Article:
The rich kids of Instagram have nothing on Facebook’s social shoppers

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by Brafton Editorial
The Rich kids use Facebook to socialize - could this be worthwhile insight for marketers?

Marketers often develop strategies to appeal to specific consumers. Whether audience targeting occurs via content creation or more traditional media outreach programs, having the ability to develop campaigns that resonate with the intended demographic is essential for a robust online presence.

A new study conducted by Sparkler, but commissioned by Facebook, sought to discover the most popular and frequently used social network among Europe’s most elite residents, and the results might interest U.S marketers. Naturally, the report found that the region’s top 20 percent earners used Facebook primarily for their social networking. The audience segments defined by Sparkler’s study ranged from the “Social Network Hungry” users who mainly use Facebook to share opinions to the “Business Elite” members who are professionally driven but depend on the social site for personal outreach.

The data shows that these consumers – with all their purchasing power and cultural influence – spend the bulk of their social media time on Facebook. Marketers back in the U.S. might be interested in learning where their country’s most affluent consumers congregate, and while certain blogs and hashtags suggest Instagram, the picture-based network still has a long way to go before it catches up with Facebook.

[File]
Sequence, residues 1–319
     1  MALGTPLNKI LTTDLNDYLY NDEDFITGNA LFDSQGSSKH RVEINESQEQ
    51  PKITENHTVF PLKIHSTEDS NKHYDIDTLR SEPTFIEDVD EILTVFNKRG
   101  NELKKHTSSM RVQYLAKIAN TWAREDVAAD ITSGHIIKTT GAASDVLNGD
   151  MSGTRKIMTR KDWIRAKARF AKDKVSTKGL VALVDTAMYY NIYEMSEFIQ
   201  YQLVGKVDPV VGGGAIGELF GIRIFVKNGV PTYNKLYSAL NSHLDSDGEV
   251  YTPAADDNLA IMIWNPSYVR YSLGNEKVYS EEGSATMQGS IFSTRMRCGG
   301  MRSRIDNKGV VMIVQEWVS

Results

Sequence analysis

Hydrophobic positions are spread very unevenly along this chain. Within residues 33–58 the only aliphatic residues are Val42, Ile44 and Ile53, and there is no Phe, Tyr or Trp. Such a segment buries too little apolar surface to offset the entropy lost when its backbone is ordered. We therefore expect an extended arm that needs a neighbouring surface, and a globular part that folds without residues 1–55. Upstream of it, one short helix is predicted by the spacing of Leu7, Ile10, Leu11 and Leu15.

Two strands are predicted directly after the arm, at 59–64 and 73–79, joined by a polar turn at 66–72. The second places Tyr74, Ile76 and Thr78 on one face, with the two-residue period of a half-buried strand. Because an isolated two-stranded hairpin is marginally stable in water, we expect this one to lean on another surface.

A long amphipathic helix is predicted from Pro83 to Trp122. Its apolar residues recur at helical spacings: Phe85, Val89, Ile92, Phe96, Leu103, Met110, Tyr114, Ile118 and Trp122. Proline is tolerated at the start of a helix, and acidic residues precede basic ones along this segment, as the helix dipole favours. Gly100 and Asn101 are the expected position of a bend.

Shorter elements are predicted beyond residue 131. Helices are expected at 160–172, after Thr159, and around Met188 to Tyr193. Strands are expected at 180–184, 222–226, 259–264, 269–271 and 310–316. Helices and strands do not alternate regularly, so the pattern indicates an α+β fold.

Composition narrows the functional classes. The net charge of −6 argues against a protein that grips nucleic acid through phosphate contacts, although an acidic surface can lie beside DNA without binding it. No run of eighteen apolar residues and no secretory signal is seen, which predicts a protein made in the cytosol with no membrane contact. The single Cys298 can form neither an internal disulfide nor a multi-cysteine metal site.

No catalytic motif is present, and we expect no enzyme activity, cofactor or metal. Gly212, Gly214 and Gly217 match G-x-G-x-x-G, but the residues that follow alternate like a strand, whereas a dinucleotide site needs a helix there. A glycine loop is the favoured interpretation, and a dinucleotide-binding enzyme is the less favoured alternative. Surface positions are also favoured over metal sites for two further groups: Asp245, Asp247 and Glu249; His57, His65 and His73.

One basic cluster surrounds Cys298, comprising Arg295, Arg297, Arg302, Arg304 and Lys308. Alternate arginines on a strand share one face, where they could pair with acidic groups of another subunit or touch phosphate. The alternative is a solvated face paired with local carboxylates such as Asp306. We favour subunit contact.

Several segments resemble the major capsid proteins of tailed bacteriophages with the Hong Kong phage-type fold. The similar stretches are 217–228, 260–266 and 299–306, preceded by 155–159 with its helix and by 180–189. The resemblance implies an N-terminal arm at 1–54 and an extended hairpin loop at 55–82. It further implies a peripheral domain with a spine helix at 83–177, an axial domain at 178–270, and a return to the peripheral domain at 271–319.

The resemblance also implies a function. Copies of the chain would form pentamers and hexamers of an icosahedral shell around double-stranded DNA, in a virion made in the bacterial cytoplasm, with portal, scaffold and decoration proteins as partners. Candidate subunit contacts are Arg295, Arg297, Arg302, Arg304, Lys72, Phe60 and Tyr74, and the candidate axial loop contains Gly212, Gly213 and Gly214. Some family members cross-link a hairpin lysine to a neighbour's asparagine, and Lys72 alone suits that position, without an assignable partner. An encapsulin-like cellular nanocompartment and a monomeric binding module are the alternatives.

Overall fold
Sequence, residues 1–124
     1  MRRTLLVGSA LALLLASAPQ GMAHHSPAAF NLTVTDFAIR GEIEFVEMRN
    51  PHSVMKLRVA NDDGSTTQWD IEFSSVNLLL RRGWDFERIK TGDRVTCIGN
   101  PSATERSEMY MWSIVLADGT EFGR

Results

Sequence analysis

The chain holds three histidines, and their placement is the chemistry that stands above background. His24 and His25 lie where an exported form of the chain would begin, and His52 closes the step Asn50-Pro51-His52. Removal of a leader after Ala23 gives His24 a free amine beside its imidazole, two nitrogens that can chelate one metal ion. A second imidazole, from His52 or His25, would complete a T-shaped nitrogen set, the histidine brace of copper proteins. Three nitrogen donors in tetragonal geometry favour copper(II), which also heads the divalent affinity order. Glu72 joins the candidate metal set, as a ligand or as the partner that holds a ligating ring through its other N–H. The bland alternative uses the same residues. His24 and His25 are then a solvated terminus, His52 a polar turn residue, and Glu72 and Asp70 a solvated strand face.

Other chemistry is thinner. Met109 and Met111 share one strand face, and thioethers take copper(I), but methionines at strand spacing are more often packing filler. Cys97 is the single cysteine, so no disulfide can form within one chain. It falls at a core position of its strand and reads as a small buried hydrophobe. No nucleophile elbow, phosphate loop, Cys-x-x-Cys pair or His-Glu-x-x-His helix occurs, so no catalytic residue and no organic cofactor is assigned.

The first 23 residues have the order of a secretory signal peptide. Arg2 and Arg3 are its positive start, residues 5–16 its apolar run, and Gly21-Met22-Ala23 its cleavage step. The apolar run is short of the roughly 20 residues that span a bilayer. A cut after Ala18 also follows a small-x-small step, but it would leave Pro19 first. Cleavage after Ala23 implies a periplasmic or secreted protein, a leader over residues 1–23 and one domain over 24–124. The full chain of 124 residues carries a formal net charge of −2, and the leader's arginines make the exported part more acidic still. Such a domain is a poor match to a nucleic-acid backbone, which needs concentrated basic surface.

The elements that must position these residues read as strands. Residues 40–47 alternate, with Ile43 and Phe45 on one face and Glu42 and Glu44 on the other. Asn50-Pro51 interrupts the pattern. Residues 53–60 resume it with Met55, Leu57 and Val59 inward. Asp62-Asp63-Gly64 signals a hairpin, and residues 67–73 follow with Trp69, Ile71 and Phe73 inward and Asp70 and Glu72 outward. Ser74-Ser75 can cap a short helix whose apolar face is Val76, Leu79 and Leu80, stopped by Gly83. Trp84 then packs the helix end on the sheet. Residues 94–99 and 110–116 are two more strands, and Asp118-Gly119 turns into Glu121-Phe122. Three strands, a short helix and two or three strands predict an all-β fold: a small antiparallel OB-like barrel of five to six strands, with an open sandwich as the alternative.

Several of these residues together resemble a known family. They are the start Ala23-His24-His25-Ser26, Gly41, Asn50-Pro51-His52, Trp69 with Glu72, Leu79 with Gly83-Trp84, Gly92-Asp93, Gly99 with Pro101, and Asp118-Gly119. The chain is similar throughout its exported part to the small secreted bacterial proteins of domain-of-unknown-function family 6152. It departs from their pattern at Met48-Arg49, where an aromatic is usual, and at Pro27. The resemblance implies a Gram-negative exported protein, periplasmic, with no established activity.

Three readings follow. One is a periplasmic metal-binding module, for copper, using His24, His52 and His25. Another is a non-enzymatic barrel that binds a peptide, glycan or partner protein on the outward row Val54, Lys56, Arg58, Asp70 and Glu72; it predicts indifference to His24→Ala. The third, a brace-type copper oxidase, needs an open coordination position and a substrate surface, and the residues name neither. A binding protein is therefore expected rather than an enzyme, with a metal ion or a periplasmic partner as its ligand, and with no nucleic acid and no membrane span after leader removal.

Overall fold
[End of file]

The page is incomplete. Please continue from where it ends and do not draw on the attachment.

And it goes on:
A survey conducted by SEI on the social media habits of wealthy Americans back in 2010 found that 70 percent of high-net-worth individuals use social media sites. Of those surveyed, 50 percent said Facebook was their top choice. The network still outshines Instagram in overall U.S. users.

Brands can develop social media marketing strategies that appeal to the world’s wealthiest buyers, but organizations must post compelling custom content to retain prospects’ attention. Sparkler’s report shows that Europe’s wealthiest Facebook segment – the Business Elite – have the highest privacy settings and only 8 percent will connect with “unknowns” on the social site. If this trend carries over to American buyers, brands must develop content marketing strategies that communicate trust, transparency and credibility in order to remain relevant to these high-profile leads.

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